One World — Starting a business in Nigeria is no picnic. Still, an increasing number of entrepreneurs are focusing on their own manufacturing industry, in spite of power cuts and bureaucratic hassle. Can they contribute to the country’s economic revival?
Moses Barnabas’ little hammer is pounding the bright pink-coloured fabric he just glued onto the lining, to drive any air bubbles from between the layers of cloth. When the piece of traditional Nigerian aso-oke fabric has dried, it will be pulled over the shoemaker’s last to get its shape. In this manner, Nigerian Moses and his colleagues manufacture about twenty pairs of exclusive handmade shoes of the local brand Ethnik. In university, Moses read biology, but he is all too happy to have found any employment at all in megalopolis Lagos. ‘Fashion is behaviour too,’ remarks the 31-year-old Ethnik employee in the workshop behind a bungalow in the middle-class neighbourhood Surulere. ‘Half of my classmates are still looking for a job. I see more opportunities here. Made in Nigeria has the future.’
Nigeria’s economy finds itself in stormy waters. The drop of the oil price ended years of economic growth and plunged Africa’s most populous country into a deep recession. The rate of the naira plummeted, making imports for Nigerians almost thrice as expensive, whereas most of the goods sold in Nigerian supermarkets, shops, and open-air markets have been manufactured abroad.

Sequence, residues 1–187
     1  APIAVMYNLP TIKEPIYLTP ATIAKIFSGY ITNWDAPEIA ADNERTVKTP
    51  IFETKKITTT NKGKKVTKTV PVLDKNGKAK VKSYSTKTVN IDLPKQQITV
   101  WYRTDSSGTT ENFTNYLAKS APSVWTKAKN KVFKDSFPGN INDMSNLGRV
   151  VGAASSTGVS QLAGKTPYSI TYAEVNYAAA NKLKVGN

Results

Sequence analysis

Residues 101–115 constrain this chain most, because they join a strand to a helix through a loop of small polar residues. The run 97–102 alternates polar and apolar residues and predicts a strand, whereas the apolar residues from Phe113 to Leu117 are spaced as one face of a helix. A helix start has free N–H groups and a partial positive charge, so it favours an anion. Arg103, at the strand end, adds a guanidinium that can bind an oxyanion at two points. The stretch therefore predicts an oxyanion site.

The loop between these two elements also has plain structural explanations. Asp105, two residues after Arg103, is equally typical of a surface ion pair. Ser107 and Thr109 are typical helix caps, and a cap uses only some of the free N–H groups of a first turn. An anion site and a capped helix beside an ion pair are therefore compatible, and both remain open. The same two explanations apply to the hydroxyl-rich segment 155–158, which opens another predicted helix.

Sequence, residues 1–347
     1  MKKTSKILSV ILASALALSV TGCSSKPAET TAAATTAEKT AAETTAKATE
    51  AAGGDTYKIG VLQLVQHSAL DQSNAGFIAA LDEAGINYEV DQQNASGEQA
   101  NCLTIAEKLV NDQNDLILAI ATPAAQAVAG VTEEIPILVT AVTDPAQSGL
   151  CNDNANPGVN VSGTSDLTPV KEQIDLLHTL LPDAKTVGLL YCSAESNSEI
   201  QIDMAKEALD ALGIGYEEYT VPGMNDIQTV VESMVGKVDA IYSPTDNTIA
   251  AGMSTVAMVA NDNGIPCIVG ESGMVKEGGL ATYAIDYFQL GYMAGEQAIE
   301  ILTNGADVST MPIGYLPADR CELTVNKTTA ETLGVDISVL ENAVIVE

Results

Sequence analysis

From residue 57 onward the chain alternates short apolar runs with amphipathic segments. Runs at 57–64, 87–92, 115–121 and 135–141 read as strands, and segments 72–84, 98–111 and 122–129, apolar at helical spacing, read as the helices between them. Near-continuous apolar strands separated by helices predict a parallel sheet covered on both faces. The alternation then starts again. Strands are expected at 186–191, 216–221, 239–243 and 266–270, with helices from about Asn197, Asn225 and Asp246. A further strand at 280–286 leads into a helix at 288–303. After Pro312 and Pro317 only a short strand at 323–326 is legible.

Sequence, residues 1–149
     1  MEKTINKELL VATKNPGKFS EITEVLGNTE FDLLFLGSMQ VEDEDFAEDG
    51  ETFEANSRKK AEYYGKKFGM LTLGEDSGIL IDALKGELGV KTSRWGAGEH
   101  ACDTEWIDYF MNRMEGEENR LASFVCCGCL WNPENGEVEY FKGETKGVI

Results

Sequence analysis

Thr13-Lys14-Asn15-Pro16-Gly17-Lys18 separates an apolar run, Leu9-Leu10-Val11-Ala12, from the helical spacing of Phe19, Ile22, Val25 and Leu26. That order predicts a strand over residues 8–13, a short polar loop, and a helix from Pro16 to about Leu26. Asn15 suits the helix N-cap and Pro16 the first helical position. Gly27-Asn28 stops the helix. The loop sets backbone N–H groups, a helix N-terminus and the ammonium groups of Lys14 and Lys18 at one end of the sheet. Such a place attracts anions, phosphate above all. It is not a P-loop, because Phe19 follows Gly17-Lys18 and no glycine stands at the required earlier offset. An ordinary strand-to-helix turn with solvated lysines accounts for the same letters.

The Nigerian manufacturing industry represents less than 10 percent of the Gross National Product – in comparison, in countries like China and South Korea it is over 30 percent. Economists have agreed for years that this needs to change, and the recent crisis also has Nigerian policymakers convinced of the importance of the manufacturing industry. Even President Muhammadu Buhari recently encouraged his countrymen to buy ‘Made in Nigeria’.
Can this interest for local production, one that has grown out of necessity, contribute to a growth of wealth as well as a lower unemployment rate – which, according to the Nigerian National Bureau of Statistics, is currently around 20 percent?
Tunde Owolabi thinks so. When he started Ethnik in early 2015, the designer and owner of the local shoe brand of hand-woven aso-oke employed only four people, but now that number has grown to nine. ‘Ten, if you count my wife who does the accounts,’ Owolabi says with a smile. The 38-year-old entrepreneur trusts his company will keep growing in the future.
Starting a business in Nigeria is no picnic. There aren’t many countries in the world where public electricity supply is so lamentable, the bureaucratic hassle to start a business takes up so much time, and borrowing from the bank is so expensive. And yet Thessa Bagu, who has been a consultant since 2007 for international companies interested in the Nigerian market, has seen a change in Nigerian local entrepreneurship: ‘Nowadays Nigerians say: We don’t care if it is difficult, we are going to produce locally.’
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